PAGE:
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Ex-prosecutor candidate’s bar resignation accepted

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A southwest Indiana attorney and former Democratic candidate for Gibson County prosecutor has been allowed to resign from the bar, according to an order from the Indiana Supreme Court.

William Wallace III was indicted in June 2010, after he was accused of videotaping himself having sex with a former client and an employee without their knowledge. He was accused of telling the former client that he would forgive legal fees in exchange for sex. When police executed a warrant and searched his computer, they found child pornography.

Wallace was charged with Class D felony counts of obstruction of justice, voyeurism and possession of child pornography, and misdemeanor charges of patronizing a prostitute and false informing.

In October 2011, Wallace pleaded guilty to the obstruction and child porn charges and was ordered to register as a sex offender. He was suspended from the bar three months later.

The Indiana Supreme Court Disciplinary Commission filed a verified complaint against Wallace in January 2013. The court order issued Aug. 14 accepts his resignation, which under Discipline Rule 23(17) requires an acknowledgment from Wallace that the material facts alleged are true, that he couldn’t successfully defend the disciplinary case if prosecuted, and that the charges would have resulted in disbarment.

Costs of the proceeding are assessed against Wallace, who may not petition for reinstatement for five years. If he does, he would face the most stringent burden for reinstatement and the allegations in the disciplinary complaint also would be addressed, according to the order.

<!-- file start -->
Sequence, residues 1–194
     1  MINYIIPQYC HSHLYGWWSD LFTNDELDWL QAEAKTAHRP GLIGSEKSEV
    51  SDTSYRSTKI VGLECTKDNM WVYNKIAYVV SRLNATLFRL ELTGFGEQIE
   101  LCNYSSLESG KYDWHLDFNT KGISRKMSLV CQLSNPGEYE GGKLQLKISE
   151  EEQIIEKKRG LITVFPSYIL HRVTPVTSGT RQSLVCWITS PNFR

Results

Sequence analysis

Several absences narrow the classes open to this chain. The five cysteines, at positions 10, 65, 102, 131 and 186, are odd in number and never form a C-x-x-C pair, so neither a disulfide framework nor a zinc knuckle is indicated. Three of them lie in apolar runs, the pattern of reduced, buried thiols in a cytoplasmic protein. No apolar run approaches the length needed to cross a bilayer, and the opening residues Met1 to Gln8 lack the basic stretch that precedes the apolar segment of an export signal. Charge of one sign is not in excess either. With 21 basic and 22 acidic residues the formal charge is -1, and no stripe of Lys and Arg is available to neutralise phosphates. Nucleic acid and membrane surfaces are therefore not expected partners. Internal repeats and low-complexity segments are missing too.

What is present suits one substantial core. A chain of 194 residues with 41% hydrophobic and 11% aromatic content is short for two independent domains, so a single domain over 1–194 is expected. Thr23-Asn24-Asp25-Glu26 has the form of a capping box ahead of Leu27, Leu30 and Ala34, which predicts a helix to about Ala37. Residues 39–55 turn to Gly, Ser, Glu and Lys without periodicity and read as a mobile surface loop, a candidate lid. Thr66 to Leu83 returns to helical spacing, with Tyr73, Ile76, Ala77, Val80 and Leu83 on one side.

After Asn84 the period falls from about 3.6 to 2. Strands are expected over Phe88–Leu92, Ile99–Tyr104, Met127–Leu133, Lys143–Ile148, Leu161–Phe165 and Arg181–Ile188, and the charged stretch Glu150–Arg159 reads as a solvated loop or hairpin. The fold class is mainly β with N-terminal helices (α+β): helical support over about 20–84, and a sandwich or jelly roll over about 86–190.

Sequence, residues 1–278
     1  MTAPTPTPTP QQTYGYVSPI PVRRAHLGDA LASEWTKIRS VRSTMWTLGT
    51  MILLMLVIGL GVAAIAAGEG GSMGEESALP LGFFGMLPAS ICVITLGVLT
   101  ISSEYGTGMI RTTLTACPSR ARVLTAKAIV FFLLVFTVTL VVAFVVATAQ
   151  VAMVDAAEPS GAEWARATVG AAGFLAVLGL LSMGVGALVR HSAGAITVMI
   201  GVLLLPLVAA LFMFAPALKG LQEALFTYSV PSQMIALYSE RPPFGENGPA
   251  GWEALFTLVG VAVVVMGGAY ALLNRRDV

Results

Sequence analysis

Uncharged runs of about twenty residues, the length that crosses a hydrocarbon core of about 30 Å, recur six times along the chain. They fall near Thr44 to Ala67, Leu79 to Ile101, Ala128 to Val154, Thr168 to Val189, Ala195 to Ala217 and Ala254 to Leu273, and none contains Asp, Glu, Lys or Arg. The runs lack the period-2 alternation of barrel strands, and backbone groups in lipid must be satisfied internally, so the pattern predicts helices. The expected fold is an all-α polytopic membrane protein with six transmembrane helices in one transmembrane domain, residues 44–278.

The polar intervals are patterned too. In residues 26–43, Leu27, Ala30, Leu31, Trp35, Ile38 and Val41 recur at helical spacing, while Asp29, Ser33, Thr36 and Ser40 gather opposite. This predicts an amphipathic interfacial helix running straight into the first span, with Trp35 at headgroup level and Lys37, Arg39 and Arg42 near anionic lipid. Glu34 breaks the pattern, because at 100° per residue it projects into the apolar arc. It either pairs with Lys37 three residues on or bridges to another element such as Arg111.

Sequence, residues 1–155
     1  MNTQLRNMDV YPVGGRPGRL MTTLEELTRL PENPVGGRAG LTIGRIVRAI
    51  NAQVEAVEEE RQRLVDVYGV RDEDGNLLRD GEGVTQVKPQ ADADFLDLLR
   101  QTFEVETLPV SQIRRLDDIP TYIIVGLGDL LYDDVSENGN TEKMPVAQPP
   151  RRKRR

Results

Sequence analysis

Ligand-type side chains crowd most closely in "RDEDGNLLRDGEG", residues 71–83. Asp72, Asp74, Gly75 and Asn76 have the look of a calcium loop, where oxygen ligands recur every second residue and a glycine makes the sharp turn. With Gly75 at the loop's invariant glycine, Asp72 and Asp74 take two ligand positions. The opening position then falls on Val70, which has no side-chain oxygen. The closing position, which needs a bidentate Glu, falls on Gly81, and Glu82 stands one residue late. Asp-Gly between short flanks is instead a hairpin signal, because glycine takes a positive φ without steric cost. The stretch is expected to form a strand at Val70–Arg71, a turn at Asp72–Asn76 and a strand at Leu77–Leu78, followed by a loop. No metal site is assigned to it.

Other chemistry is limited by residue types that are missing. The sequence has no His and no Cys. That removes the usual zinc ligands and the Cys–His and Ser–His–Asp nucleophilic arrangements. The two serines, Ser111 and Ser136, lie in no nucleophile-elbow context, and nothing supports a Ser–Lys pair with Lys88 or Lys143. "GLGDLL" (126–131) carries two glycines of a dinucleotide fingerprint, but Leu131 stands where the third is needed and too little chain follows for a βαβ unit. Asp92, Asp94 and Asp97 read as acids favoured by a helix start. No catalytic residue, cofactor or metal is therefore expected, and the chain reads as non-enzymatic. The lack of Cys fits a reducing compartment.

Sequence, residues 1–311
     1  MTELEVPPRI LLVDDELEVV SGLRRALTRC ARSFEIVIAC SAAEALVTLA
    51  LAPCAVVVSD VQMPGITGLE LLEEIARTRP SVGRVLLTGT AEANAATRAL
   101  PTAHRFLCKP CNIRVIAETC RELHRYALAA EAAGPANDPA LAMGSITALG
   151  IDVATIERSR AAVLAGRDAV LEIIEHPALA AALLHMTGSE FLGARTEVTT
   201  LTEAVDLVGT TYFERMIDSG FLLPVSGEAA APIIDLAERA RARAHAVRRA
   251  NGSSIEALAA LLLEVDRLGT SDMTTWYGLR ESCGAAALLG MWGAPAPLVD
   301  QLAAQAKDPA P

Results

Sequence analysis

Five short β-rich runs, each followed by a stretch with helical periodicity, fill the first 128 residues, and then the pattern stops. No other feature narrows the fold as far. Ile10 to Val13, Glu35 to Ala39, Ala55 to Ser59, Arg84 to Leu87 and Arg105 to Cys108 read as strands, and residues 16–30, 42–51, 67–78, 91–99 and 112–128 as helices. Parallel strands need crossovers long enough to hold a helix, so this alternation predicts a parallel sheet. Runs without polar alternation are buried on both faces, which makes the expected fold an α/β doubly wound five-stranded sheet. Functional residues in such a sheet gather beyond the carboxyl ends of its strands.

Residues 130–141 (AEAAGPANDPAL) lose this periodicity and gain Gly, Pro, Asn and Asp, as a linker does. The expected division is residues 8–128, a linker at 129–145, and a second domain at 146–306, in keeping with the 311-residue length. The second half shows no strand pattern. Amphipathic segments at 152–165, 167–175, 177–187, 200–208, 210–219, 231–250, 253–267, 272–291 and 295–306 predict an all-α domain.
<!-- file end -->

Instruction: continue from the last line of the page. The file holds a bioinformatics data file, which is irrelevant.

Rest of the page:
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  • Could have been a contender?
    Interesting to note that had his secrets remained secret, William Wallace III could have entered elected office, could have risen through the ranks, could have even become a judge. And then he would have been well protected, beyond reproach, it would seem, by operation of the old boy network. In this case his secrets slipped out too early to afford him much protection by The System.

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  1. Based on several recent Indy Star articles, I would agree that being a case worker would be really hard. You would see the worst of humanity on a daily basis; and when things go wrong guess who gets blamed??!! Not biological parent!! Best of luck to those who entered that line of work.

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  3. Don't believe me, listen to Pacino: https://www.youtube.com/watch?v=z6bC9w9cH-M

  4. Law school is social control the goal to produce a social product. As such it began after the Revolution and has nearly ruined us to this day: "“Scarcely any political question arises in the United States which is not resolved, sooner or later, into a judicial question. Hence all parties are obliged to borrow, in their daily controversies, the ideas, and even the language, peculiar to judicial proceedings. As most public men [i.e., politicians] are, or have been, legal practitioners, they introduce the customs and technicalities of their profession into the management of public affairs. The jury extends this habitude to all classes. The language of the law thus becomes, in some measure, a vulgar tongue; the spirit of the law, which is produced in the schools and courts of justice, gradually penetrates beyond their walls into the bosom of society, where it descends to the lowest classes, so that at last the whole people contract the habits and the tastes of the judicial magistrate.” ? Alexis de Tocqueville, Democracy in America

  5. Attorney? Really? Or is it former attorney? Status with the Ind St Ct? Status with federal court, with SCOTUS? This is a legal newspaper, or should I look elsewhere?

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